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How to Be Like Coach Wooden: Life Lessons from
How to Be Like Coach Wooden: Life Lessons from
How to Be Like Coach Wooden: Life Lessons from
How to Be Like Coach Wooden: Life Lessons from

How to Be Like Coach Wooden: Life Lessons from Basketball's Greatest Leader

Product ID : 18975088
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Galleon Product ID 18975088
UPC / ISBN 0757303919
Shipping Weight 1.05 lbs
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Binding: Paperback
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Manufacturer HCI
Shipping Dimension 8.9 x 5.98 x 0.79 inches
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About How To Be Like Coach Wooden: Life Lessons From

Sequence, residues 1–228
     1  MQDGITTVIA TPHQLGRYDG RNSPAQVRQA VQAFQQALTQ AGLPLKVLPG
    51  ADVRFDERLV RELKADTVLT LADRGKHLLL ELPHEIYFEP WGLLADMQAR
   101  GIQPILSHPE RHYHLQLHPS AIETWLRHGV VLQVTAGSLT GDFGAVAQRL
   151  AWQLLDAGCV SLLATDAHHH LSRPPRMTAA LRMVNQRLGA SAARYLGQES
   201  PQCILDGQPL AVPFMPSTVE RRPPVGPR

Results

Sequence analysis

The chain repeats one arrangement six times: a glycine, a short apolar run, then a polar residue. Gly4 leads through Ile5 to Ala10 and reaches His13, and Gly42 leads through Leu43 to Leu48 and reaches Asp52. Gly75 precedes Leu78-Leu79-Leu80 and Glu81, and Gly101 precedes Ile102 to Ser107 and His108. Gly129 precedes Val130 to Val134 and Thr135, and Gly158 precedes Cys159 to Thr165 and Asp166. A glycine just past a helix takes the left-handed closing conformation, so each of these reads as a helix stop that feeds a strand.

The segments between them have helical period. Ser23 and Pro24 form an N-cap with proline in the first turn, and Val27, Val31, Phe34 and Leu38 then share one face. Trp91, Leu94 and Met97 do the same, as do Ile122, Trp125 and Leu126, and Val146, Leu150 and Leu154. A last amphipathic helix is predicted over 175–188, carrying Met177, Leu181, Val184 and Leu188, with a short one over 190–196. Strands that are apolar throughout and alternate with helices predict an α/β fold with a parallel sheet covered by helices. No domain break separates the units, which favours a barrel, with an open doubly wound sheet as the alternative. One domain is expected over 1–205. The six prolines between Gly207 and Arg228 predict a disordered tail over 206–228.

Product Description John Wooden is an American icon. Since he announced his retirement thirty years ago, “Coach” remains one of our country's most popular and heroic figures. What John Wooden accomplished as basketball coach at UCLA will never be repeated—eighty-eight victories in a row, ten national championships—but what makes his legacy even more amazing is how he did it: with honor, integrity and grace. In his research for How to Be Like Coach Wooden, Pat Williams recounts well over 800 interviews. The result is an inspiring motivational biography about a great hero of basketball and one of the most amazing leaders in history. How to Be Like Coach Wooden is the next dynamic book in the How to Be Like "character biography" series, which focuses on drawing out important lessons from the lives of great men and women. In this book, readers will learn from Coach Wooden, a beacon of honesty, goodness and faith. Wooden cared about winning in basketball, but he cared more about winning in life. About the Author Pat Williams is senior vice president of the Orlando Magic and author of more than 40 successful books including 4 books in the How to Be Like series. David Wimbish a creative supervisor for Russ Reid Company, an advertising agency in Pasadena, California he has written over 30 books on a variety of subjects. A long-time admirer of Coach Wooden, he and his wife live in La Verne, CA. Excerpt. © Reprinted by permission. All rights reserved. PART ONE BUILD ON A SOLID FOUNDATION When the whirlwind passes by, the wicked is no more. But the righteous has an everlasting foundation. ―Proverbs 10:25 Chapter One If You Want to Be Like Coach: Be a Person of Character It was his life that changed my life. ―Swen Nater, coached by Coach Wooden at UCLA I have a problem. How do I even begin to sum up a giant of a man like John Wooden? That's the question that gnawed at me as I began working on this book. How do I sort through thousands of wonderful stories about John Wooden and decide which ones don't make the final cut? How do I even begin to tell you about the impact this incredible man has had on just about everyone who has had the privilege of knowing him? Well . . . I could begin by telling you that John Wooden is one of only three people ever to be inducted into the Basketball Hall of Fame as a player and a coach. (The other two are Lenny Wilkens and Bill Sharman.) I could mention that he was a first-team All-American for three straight seasons at Purdue University in the early 1930s―the first college basketball player ever to receive such an honor. I could start by telling you that he was the NCAA College Basketball Coach of the Year six times! But instead I think I'll start back in 1948. That was the year a young coach by the name of Wooden had put together a pretty good basketball team at Indiana State University. That team included a young man by the name of Clarence Walker. Walker wasn't one of the starting five, but he came off the bench to help Indiana State win an invitation to the NAIA basketball tournament in Kansas City. Thirty-two teams were invited, and one of them would emerge as the small-college national champion. But there was a problem. Walker was black. Remember that this was just the year after Jackie Robinson joined the Brooklyn Dodgers and was subjected to death threats and verbal abuse for breaking the 'color barrier' in Major League Baseball. Racism was rampant in Indiana and most of the rest of the nation. Tournament officials called Wooden and told him that his team was invited, but Walker wasn't. 'We've never had a black person play on the Kansas City Municipal Auditorium floor,' they said―only they didn't say 'black person.' Now that tournament was a big deal, especially to a young man just starting out in his coaching career. But John Wooden didn't even have to think about it. 'If I can't bring Clarence, we're not coming,' he said. Fine. Indiana State was disinvited from th